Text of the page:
Indian Pediatr 2015;52:
Kawasaki Disease with Autoimmune Hemolytic
Dhwanee Thakkar, Nita Radhakrishnan,
*PK Pruthi and Anupam Sachdeva
From Pediatric Hematology Oncology and BMT Unit; and
*Institute of Child Health; Sir Ganga Ram Hospital, Rajinder Nagar, New
Correspondence to: Dr Anupam Sachdeva, Head of
Department, Institute of Child Health,
Sir Ganga Ram Hospital, Rajinder Nagar, New Delhi 110 060, India.
Received: July 30,2014;
Initial review: November 24, 2014;
Accepted: January 8, 2015.
Background: Association of
autoimmune haemolytic anaemia has been seldom reported with Kawasaki
disease. Case characteristics: A 7-month-old boy, presented with
prolonged fever, erythematous rash, severe pallor and hepatosplenomegaly.
Observations: Positive Direct Coombs test and coronary artery
aneurysm on echocardiography. He was managed with steroids along with
intravenous immunoglobulins and aspirin. Outcome: Early
identification of the condition helped in the management. Message:
Patients of autoimmune hemolytic anemia with unusual features such as
prolonged fever, skin rash, and mixed antibody response in Coombs test
should be evaluated for underlying Kawasaki disease as a possible
Keywords: Autoimmunity, Coombs test, Coronary
Autoimmune haemolytic anemia (AIHA) occurs in
children either secondary to infections, autoimmune conditions and
drugs, or may be primary . Several hematological abnormalities have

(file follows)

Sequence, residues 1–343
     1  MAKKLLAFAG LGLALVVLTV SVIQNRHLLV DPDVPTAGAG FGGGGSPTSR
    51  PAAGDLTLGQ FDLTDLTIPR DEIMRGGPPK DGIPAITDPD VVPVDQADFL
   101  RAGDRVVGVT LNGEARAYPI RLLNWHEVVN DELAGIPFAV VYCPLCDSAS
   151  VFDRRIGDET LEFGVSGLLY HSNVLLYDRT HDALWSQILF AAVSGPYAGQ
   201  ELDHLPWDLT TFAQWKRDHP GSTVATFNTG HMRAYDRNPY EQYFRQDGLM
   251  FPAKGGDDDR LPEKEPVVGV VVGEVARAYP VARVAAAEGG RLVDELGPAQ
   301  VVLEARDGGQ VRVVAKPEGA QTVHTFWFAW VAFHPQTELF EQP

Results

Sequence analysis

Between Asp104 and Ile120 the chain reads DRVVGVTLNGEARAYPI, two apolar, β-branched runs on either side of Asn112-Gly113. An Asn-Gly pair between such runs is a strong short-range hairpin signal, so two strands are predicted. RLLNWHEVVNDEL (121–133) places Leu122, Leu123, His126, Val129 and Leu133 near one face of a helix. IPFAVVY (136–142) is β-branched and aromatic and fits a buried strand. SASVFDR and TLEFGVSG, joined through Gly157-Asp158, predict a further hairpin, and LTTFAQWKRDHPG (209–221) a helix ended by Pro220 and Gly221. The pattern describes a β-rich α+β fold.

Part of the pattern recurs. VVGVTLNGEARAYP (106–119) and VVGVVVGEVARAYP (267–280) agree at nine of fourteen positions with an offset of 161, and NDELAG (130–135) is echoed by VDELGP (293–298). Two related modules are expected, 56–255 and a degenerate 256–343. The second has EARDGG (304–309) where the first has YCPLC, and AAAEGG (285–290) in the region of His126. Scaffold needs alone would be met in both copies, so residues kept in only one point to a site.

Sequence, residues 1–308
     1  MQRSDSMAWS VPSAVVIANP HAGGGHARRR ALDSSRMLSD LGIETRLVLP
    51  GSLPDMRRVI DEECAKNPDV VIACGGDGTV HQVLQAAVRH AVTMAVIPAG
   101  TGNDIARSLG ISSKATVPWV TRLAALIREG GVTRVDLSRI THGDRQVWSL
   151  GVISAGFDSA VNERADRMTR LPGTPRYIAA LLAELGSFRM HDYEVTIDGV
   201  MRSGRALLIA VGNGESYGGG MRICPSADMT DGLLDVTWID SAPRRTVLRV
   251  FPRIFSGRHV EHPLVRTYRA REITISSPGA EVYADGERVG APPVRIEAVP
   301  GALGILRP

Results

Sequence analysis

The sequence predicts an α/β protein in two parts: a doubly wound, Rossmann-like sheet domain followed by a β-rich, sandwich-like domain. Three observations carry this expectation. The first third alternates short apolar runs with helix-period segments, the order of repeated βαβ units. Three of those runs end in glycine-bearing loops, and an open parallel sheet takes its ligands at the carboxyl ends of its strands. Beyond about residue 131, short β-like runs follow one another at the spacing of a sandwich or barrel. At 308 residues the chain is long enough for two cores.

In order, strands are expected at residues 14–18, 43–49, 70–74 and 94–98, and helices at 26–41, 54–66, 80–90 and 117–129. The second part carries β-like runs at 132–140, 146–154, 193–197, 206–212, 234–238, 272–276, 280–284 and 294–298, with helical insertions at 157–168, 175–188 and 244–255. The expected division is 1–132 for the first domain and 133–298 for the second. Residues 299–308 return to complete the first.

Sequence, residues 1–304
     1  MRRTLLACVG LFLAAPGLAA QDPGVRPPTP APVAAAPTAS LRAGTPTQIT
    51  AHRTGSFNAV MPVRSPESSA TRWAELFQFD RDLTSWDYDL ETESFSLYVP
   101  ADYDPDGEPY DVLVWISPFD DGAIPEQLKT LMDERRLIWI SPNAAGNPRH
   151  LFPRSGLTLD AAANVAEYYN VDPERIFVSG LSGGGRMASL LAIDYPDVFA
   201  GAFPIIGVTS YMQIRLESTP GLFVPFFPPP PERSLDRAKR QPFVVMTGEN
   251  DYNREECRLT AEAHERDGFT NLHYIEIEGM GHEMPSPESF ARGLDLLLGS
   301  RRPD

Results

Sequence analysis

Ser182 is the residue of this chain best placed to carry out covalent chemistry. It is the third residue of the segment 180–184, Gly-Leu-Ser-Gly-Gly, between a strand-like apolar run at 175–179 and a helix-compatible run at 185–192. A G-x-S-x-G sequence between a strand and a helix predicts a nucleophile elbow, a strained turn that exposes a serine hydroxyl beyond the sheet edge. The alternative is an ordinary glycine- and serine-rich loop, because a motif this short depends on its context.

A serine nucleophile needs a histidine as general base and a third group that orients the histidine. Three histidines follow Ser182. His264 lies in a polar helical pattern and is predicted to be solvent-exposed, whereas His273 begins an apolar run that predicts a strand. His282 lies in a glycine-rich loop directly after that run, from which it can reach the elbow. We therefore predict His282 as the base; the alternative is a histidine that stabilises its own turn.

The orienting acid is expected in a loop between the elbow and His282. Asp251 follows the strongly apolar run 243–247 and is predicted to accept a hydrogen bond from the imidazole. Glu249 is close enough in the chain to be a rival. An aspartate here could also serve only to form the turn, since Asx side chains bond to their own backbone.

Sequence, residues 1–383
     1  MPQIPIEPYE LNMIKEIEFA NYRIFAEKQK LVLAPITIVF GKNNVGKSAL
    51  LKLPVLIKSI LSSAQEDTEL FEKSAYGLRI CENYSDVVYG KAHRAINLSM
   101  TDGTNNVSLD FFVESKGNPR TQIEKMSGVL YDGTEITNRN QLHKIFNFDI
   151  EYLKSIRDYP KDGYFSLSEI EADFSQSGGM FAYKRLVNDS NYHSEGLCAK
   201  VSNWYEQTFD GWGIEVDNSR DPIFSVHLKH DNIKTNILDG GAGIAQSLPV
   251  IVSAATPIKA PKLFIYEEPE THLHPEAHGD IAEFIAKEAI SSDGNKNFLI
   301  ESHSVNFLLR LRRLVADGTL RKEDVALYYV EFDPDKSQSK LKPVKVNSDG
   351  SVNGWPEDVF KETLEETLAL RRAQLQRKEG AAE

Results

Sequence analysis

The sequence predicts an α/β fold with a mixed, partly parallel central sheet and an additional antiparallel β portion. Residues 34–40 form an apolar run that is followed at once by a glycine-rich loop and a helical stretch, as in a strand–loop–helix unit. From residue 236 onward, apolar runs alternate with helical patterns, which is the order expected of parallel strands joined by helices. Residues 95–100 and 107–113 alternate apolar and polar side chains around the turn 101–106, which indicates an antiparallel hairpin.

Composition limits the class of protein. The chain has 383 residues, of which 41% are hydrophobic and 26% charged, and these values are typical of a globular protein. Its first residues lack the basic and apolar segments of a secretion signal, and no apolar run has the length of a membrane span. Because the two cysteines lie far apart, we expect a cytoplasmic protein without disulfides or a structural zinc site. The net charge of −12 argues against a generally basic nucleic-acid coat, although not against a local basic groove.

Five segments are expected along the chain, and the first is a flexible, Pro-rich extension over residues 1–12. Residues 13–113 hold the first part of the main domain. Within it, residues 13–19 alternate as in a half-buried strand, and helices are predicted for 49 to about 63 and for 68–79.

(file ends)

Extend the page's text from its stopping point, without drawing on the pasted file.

been described in Kawasaki disease. AIHA is a rare association, and most
cases have occurred after infusion of intravenous immunoglobulins (IVIG)
in Kawasaki disease . Simultaneous occurrence of AIHA with Kawasaki
disease has been very rarely observed [3-7].
A 7-month-old boy presented with fever for 1 month
along with maculopapular rash all over the body with erythema of palms
and soles at the onset of illness. He was noted to have anemia and was
transfused thrice in the first one month of illness. Blood culture grew
Klebsiella pneumoniae and he was started on antibiotics
accordingly. As fever persisted and anemia progressed to cause cardiac
decompensation, he was referred to our center. Difficulty in
cross-matching of blood was noted at the blood bank of the referring
hospital. At the time of admission to our center, he had fever, severe
anemia, mild icterus, generalized lymphadenopathy and
hepato-splenomegaly. In addition, he had erythema of palms and soles,
and desquamation was noted on extremities. Hemoglobin was 3.6 g/dL,
white blood cell count 41.7×109/L
with 78% neutrophils, and platelet count was 407,000/µL; corrected
reticulocyte count was 3.4%. Peripheral smear examination showed
anisopoikilocytosis, polychromasia, neutrophilic leucocytosis with
monocytosis and few atypical lymphocytes. C-Reactive protein was 94
mg/L; Direct Coombs Test (DCT) was positive (3+) and showed a mixed
pattern: IgG 3+, IgM 3+, C3d 3+, IgA and C3c negative. Mycoplasma IgM
was positive. Polymerase chain reaction (PCR) for cytomegalovirus (CMV)
was 19362 copies/mL. PCR for Ebstein-Barr virus was negative. There was
no evidence of pneumonia on chest X-ray. Bone marrow examination
showed erythroid hyperplasia.
In view of the prolonged fever, erythematous rash and
desquamation of extremities, he was investigated for underlying Kawasaki
disease. 2D Echocardiography showed aneurysms of the main coronary
arteries; left main coronary artery 4.6 mm (Normal range 1.23-2.4 mm; Z
score 7.9); left anterior descending artery 3.97 mm (Normal range
1.06-1.76 mm; Z score 12.2); right coronary artery 3.87 mm (0.9-1.86 mm;